This film is part of Free
The Fatal Floor
Typically hard-hitting public information film about the threat posed by combining a rug and a freshly polished floor.
“Polish a floor and put a rug on it… you might as well set a man-trap”. We then see the rug dissolving to reveal the large, rusty man-trap in question, a piece of visual hyperbole that has ensured that The Fatal Floor remains one of the best-loved of all British health’n’safety films right up to the sadistically knife-twisting (and finger-wagging) punchline “…and to think he’d only just come from the hospital”. Still, it could have been worse: the victim could have been holding his new baby.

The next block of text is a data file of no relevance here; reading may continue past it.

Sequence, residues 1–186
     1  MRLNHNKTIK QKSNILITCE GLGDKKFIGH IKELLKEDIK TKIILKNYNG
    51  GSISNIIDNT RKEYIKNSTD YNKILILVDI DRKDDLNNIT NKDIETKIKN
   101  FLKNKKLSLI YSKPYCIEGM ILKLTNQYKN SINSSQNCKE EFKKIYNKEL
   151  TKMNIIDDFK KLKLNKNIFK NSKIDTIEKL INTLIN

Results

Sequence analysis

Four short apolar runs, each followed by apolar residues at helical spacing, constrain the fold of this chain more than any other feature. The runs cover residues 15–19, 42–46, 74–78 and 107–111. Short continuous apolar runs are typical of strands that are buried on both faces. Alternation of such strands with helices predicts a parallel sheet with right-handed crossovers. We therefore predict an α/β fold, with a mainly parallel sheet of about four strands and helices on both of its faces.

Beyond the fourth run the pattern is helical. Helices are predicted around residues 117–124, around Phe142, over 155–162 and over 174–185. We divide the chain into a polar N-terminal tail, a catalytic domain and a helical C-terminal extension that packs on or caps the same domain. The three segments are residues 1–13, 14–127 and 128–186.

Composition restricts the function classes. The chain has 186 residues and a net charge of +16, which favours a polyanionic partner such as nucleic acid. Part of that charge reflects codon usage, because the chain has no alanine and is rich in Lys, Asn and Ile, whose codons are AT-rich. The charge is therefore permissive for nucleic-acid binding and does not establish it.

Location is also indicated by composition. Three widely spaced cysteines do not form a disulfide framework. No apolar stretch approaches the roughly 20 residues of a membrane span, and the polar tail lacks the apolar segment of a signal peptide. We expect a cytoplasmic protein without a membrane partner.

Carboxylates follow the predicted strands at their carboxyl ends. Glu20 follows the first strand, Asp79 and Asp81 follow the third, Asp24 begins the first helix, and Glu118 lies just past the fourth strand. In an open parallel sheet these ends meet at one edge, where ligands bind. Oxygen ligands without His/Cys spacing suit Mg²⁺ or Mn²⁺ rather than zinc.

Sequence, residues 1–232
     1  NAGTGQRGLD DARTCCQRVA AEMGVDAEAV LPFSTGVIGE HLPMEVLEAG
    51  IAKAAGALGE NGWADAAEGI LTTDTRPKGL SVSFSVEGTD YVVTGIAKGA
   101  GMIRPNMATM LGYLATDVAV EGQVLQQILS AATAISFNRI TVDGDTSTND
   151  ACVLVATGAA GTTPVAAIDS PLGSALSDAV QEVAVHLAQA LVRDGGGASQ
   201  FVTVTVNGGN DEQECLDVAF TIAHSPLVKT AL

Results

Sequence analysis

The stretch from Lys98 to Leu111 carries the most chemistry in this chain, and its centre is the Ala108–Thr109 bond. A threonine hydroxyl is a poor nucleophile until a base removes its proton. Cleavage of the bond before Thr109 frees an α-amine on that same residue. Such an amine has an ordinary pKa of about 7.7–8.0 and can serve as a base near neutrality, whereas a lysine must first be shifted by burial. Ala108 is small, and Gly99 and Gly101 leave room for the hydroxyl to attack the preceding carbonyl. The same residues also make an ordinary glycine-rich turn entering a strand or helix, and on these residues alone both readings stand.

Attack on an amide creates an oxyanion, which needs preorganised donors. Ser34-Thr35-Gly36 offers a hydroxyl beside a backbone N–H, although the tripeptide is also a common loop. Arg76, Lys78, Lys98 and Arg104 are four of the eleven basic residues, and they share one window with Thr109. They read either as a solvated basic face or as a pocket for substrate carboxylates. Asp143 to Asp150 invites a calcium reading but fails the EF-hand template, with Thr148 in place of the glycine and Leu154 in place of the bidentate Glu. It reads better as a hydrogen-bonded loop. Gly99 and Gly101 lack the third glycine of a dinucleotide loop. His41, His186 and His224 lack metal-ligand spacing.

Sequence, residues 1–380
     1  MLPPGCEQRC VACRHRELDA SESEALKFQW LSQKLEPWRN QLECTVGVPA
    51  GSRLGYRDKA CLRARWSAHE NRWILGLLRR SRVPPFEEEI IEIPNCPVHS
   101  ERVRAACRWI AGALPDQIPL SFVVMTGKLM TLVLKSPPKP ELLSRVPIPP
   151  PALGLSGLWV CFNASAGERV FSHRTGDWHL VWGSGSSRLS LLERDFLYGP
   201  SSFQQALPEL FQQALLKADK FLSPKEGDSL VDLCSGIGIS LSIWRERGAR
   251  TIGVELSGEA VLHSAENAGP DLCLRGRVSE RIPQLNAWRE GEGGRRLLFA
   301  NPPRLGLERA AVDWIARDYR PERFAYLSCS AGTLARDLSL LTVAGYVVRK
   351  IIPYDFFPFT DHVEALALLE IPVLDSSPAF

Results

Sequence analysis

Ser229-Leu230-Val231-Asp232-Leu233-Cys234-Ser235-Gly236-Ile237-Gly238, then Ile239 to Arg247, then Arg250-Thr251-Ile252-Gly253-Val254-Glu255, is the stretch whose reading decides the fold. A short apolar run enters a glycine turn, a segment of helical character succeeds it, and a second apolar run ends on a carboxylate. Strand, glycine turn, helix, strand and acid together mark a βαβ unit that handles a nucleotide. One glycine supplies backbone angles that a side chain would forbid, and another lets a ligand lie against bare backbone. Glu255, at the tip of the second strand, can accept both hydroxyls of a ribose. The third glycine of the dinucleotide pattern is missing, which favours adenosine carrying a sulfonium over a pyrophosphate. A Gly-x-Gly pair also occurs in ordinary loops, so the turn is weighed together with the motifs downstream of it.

In 1974, the Health & Safety at Work Etc. Act first laid down general principles for workplace safety, and its success can be gauged by a 76% fall in worker injuries over its first 33 years. While no equivalent legislation exists for the home, films like The Fatal Floor and campaigns by the Royal Society for the Prevention of Accidents (RoSPA) sought to raise awareness about how seemingly trivial issues such as rugs on polished floors can cause serious injury and even death. As RoSPA regularly points out, more accidents happen at home than anywhere else, most commonly in the form of falls.